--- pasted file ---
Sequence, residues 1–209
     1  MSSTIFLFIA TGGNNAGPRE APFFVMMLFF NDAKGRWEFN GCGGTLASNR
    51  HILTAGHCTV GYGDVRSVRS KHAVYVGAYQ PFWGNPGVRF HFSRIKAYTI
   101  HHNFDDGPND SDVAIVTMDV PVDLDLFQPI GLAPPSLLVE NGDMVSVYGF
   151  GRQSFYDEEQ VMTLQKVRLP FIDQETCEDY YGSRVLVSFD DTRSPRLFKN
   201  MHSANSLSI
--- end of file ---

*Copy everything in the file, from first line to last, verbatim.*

Sequence, residues 1–209
     1  MSSTIFLFIA TGGNNAGPRE APFFVMMLFF NDAKGRWEFN GCGGTLASNR
    51  HILTAGHCTV GYGDVRSVRS KHAVYVGAYQ PFWGNPGVRF HFSRIKAYTI
   101  HHNFDDGPND SDVAIVTMDV PVDLDLFQPI GLAPPSLLVE NGDMVSVYGF
   151  GRQSFYDEEQ VMTLQKVRLP FIDQETCEDY YGSRVLVSFD DTRSPRLFKN
   201  MHSANSLSI